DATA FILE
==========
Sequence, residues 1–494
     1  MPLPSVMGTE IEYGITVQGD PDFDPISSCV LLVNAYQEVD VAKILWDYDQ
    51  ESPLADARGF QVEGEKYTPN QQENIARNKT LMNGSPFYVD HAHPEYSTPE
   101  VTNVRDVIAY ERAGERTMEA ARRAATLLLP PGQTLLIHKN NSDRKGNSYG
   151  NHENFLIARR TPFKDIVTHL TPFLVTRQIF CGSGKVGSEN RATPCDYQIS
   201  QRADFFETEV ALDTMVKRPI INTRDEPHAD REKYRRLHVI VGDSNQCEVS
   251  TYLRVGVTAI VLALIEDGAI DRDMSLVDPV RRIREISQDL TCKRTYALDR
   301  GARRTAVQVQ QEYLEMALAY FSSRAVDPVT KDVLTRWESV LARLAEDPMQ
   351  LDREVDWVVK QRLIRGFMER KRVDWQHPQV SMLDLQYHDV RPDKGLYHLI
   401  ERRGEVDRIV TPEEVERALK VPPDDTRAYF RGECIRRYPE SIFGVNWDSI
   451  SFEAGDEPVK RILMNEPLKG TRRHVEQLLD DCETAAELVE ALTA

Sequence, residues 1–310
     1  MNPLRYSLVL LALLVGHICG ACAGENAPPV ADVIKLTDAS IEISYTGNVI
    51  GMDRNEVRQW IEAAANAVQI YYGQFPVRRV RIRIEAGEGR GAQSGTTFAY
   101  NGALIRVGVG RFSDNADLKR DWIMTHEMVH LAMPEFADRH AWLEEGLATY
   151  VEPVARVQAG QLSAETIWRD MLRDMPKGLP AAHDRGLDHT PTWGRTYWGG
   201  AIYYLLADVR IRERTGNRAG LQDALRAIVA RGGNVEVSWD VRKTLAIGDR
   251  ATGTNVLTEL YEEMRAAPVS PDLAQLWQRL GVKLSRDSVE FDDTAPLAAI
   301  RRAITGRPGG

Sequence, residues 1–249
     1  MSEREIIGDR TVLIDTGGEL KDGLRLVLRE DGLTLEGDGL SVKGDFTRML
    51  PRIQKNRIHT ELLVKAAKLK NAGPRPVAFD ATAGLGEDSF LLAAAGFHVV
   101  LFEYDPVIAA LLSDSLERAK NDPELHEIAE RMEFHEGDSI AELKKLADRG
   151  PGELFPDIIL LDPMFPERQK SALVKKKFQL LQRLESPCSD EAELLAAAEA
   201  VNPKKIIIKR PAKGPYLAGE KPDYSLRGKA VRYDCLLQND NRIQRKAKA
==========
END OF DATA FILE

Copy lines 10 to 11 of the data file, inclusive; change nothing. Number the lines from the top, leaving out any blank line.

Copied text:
   401  ERRGEVDRIV TPEEVERALK VPPDDTRAYF RGECIRRYPE SIFGVNWDSI
   451  SFEAGDEPVK RILMNEPLKG TRRHVEQLLD DCETAAELVE ALTA